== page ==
The recent announcement of the closure of 'The Village Voice',  a free mainstay of activist, participatory journalism, hit hard, and it started me on a reflection why these types of things inevitably leave me melancholy and a little disoriented. I hadn't read the 'Voice' in years, and I hadn't even glanced at its online presence once the print version succumbed.

When I was at Butler University (1979-1983) and didn't have two dimes to rub together, I still managed to subscribe to 'The Village Voice'. The back pages were crammed with raunchy sex ads. I remember one rather vivid profile of a performance artist in some ratholee who literally shot yams out of her/his ass. Crammed into my too-small student mailbox, the 'Voice' represented a weekly dream: to flee the Midwest, to go to New York, to live in the Village on an alphabet-named avenue and dodge those flying yams myself, to hopefully wrap myself in the glory of advertising, or maybe theater or publishing. I never did, and now I've outlasted the paper itself.

And I think that's the bigger issue.

I'm outlasting shit I never expected to. Without fanfare, my hometown elementary school was torn down. I hadn't planned a pilgrimage of tears, but that it was suddenly and brutally subtracted left a chasm in my childhood. It's gone. It's like they salted the earth where it stood. Nothing seems to grow there. I don't know even know why they tore it down, beyond its abandonment. It couldn't have been repurposed as affordable housing? The same for a bookstore where I felt welcome and nurtured as a kid -- Carroll's Card Shop, on Main Street, on the right side of the tracks (I lived on the wrong side of the town's railroad tracks), where I would read 'Variety' every week. I don't even know why, after awhile, they got this showbiz tabloid, it since it rarely sold. I strongly suspect the kind owners, Art, Helen and Jill, got that single copy from the distributor specifically for this awkward kid with few friends who hung around all the time.  The store closed, another victim claimed by Wal-Mart. And that's another sidebar rant: the community didn't even support its own. They went for the cheaper Christmas wrapping paper, bagged cashews and the marked-down paperbacks.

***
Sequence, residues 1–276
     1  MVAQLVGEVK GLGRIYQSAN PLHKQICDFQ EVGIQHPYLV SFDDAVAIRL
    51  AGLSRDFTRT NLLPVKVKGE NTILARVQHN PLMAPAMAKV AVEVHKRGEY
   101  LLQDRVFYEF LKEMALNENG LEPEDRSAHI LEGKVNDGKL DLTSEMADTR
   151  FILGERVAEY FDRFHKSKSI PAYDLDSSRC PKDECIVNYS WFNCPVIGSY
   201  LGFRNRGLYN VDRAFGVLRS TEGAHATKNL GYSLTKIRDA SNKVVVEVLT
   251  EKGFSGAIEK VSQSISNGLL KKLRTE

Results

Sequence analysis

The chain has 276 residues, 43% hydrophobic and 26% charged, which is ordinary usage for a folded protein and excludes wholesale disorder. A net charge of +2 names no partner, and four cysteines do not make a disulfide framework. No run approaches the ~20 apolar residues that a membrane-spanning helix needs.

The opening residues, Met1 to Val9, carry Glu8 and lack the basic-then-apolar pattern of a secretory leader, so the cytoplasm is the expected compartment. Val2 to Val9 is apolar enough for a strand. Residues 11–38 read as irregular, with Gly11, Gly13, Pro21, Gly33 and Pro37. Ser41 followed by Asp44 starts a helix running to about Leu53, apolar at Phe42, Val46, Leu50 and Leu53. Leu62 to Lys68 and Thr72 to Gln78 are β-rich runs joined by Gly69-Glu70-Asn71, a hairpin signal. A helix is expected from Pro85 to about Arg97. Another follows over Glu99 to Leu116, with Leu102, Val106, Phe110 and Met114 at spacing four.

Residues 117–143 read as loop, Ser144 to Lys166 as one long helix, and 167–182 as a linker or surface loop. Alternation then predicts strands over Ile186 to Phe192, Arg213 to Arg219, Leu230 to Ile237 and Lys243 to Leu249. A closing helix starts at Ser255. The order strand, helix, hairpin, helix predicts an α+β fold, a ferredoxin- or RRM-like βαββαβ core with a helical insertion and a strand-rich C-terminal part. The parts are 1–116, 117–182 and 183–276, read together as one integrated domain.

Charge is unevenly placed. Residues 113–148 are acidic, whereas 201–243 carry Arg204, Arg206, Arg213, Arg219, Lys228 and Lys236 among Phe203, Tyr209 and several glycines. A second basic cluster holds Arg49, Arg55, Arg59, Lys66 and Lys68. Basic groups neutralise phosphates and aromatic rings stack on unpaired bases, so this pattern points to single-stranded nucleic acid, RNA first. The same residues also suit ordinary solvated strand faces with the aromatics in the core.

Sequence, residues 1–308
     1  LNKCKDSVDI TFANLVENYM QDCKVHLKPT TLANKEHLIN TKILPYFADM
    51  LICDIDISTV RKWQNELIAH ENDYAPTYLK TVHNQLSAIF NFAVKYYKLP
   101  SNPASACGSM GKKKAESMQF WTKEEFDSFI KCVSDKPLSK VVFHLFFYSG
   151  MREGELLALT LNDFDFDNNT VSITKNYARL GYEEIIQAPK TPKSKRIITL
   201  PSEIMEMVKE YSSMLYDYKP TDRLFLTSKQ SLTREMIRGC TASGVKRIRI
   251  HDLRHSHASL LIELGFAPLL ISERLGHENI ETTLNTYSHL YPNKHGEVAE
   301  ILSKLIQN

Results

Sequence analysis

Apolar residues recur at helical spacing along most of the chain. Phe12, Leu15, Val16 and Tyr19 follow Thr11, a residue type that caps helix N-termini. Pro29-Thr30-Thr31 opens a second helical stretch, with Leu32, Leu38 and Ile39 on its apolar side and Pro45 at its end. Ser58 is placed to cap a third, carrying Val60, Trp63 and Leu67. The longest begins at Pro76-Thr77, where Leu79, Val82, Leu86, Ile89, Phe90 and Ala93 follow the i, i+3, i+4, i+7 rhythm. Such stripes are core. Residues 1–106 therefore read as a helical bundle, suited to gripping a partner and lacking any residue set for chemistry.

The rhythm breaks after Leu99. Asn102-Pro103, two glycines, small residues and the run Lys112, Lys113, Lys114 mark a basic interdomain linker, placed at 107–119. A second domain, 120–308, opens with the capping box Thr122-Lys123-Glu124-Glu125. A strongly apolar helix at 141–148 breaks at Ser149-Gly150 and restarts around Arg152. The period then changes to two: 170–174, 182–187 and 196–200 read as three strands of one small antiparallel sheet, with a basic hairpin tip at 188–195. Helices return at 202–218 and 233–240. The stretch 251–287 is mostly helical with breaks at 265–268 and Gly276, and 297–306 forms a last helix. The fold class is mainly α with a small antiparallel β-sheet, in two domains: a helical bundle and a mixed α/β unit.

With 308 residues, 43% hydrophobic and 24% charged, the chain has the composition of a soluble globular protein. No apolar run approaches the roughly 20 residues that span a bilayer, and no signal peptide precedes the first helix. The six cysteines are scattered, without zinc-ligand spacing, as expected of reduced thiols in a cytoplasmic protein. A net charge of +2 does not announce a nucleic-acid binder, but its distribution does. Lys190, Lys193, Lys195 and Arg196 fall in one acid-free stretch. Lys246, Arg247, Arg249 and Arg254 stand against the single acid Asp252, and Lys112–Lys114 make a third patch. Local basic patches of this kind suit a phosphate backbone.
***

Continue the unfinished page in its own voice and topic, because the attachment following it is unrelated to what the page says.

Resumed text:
Antiquated buildings get torn down. I understand that. Business that are insolvent close. I've lost a few friends along the way: self-inflicted, cancer, car accident or just general good goddamn riddance. Relatives, too -- a Dad, a brother. Pets that were cherished. As difficult as those were, I processed those losses as the grim collateral damage of living a life. But when I gleefully hurry to my specialty store in Manhattan to find it too is gone -- Coliseum Books near Columbus Circle, Applause Bookstore, the Tower Records by Lincoln Center, Footlight Records in the Village, the wildly-overpriced Colony Records in Times Square  -- I am being robbed of Chapter headings in my life. My Table of Contents is being dismantled. It's like my past is being wiped clean and the future is uncertain, because these touchstones, as you grow older, are fewer. Everything is magic in youth...a sense of wonder. A few years and the Internet and access to everything has robbed the world of newness.

Maybe that's what I mourn: that inevitable collapse of discovery. Hearing doors slam behind me is an unnerving sound because I fear that with that soundtrack, my own possibilities dwindle, too.